Meat grown in space. It sounds like it could be part of a surreal sci-fi novel, but Israeli food-tech start-up Aleph Farms is making it a reality.
After successfully cultivating meat on the International Space Station, the company now has its sight set on growing steaks on Mars. That’s right – Mars.
Aleph Farms Ltd is a developer of a non-GMO cell-based 3D bioprinting meat platform and the company has recently launched ‘Aleph Zero’, a new project set on taking 3D meat printing to Mars.
The company made headlines when it became the first organisation to produce meat in a 3D bioprinting experiment on the International Space Station, in collaboration with Finless Foods, Russia-based 3D Bioprinting Solutions and others.
Taking food into space has always been a challenge for astronauts, which is why Aleph Zero was created. By producing meat grown in an artificial environment, space explorers could have access to nutritious food no matter where they are.
The beef steaks are cultivated by mimicking cows’ muscle-tissue regeneration. Scientists must isolate stem cells from the animal and then allow them to multiply them in a lab, replicating muscle, fat and tissue.
This can take as little as three weeks to ‘grow’ the same amount of meat as you could get from a beef cow that is 18 months old.
Aleph Farms Ltd recently made headlines again when it began preparing to cultivate thin-cut beef steaks on a mass scale. The pilot plant BioFarm is planned to be launched at the end of 2022.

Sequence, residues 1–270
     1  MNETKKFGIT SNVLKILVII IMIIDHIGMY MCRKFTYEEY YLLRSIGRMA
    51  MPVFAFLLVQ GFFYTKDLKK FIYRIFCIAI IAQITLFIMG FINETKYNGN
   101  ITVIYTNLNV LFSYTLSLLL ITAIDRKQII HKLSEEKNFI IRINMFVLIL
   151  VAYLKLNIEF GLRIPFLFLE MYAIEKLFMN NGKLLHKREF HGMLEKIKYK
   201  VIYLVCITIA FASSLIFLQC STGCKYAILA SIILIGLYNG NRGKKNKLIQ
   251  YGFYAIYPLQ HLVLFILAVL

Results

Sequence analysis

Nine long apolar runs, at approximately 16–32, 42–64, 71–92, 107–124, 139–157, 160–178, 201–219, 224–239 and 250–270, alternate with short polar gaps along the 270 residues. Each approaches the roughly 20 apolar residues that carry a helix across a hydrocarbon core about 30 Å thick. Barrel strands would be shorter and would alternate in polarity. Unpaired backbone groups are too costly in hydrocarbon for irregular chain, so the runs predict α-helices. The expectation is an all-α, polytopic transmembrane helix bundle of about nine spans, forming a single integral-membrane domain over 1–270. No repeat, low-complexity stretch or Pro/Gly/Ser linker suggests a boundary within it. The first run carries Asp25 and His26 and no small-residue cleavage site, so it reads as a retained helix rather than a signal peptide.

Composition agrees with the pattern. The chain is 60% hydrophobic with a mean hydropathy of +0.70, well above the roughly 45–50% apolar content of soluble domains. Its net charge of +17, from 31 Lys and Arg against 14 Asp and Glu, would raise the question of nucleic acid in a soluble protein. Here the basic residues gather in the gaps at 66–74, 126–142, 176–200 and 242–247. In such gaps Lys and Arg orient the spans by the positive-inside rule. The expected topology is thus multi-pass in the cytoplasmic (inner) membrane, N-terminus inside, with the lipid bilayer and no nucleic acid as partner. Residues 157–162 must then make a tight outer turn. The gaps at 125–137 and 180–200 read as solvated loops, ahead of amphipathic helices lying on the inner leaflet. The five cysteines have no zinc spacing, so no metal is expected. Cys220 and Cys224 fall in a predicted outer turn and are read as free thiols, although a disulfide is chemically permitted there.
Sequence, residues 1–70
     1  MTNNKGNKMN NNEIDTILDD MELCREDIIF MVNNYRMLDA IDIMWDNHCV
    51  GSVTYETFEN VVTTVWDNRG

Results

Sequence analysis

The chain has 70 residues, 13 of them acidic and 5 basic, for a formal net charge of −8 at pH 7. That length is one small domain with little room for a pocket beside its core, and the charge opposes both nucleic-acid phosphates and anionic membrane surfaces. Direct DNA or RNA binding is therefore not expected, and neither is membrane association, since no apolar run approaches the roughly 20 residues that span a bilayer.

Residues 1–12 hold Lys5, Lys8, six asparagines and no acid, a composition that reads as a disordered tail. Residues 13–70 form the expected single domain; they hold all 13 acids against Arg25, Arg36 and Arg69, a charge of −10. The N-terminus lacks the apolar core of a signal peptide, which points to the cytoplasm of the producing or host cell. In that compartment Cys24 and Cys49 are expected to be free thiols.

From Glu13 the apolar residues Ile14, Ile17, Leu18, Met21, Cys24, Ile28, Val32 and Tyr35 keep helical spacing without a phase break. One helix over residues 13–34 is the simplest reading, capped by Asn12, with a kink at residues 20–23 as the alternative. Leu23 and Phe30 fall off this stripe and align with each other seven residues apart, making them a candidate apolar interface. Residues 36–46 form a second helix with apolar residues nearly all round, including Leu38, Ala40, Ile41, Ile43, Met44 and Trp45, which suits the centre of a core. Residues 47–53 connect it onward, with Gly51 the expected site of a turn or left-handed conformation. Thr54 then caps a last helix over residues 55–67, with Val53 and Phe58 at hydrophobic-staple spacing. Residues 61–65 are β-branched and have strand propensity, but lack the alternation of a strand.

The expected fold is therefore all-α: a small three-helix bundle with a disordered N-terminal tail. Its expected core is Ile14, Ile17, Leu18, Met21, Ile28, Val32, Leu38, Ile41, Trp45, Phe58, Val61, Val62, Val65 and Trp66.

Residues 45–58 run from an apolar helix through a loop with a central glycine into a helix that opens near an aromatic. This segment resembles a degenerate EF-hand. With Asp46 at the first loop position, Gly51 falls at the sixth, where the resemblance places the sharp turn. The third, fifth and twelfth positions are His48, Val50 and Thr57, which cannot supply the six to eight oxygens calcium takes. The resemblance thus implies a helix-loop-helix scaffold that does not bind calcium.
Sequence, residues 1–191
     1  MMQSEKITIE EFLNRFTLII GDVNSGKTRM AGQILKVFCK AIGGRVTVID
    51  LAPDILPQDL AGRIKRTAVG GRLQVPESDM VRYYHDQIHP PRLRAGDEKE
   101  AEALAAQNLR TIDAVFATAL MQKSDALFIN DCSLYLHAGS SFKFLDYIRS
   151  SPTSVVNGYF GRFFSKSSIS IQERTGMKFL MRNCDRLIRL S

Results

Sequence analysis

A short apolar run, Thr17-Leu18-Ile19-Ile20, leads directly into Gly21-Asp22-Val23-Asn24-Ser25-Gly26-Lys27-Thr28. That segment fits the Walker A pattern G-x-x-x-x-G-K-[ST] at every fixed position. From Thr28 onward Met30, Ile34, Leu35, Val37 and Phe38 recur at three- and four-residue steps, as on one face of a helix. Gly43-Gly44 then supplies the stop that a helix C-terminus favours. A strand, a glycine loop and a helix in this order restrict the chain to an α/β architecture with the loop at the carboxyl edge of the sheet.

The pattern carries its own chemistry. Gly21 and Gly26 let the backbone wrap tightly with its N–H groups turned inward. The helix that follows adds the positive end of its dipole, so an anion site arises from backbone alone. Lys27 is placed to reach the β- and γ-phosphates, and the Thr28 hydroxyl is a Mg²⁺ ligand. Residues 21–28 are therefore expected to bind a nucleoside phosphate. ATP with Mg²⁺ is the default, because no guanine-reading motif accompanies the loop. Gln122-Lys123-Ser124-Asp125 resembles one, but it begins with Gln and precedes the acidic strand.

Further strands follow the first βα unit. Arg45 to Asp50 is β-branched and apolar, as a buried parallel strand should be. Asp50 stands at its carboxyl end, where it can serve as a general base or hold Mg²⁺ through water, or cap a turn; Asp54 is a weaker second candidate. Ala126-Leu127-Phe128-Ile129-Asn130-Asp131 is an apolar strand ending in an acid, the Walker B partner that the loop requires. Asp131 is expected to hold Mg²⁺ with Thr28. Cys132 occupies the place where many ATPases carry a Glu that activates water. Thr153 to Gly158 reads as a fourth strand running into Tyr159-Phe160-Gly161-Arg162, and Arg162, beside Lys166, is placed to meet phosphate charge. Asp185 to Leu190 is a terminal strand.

Co-founder and CEO of Aleph Farms, Didier Toubia says one of the big challenges with cultivating meat is being able to grow large quantities and charge a rate that can compete alongside conventional meat.
“We have developed five technological building blocks unique to Aleph Farms that are put into a large-scale production process, all patented by the company,” he says.
For many meat cultivation companies, replicating conventional meat’s texture, taste and nutritional value is challenging. This means investment in research and development.
In the US, the meat cultivation industry is increasing and there is a lot of consumer interest according to Memphis Meats co-founder Una Valeti.
This could be due to the pandemic disrupting the meat packing plants in America, causing some panic about a potential meat-shortage.
In New Zealand, interest in the meat cultivation industry is also growing, following Fonterra’s announcement that it was investing in US-based bio-engineering food company Motif Ingredients in February last year.
Head of Fonterra’s Global Consumer and Foodservice business, Judith Swales, says the move is part of the co-operative’s commitment to its farmer-owners to keep up to date with the latest innovations and recognise the changing consumer needs.
“Farmers expect their co-op to get the most value from every drop of their milk and keep an eye on tomorrow to future-proof their co-op for generations to come. Dairy nutrition will always be at our core, but we also want to explore how we can capture more value from new types of nutrition.
“The complementary nutrition category – where plant, insect, algae and fermentation-produced nutrition co-exist alongside animal proteins, including cows’ milk – is fast evolving. It’s not a case of either/or, but both,” says Swales.
“If we fast forward 30 years, there’ll be two billion more mouths to feed and there simply won’t be enough food to go around just using today’s methods. A combination of traditional and complementary nutrition sources will be required to meet the world’s increasing need for food, especially protein.”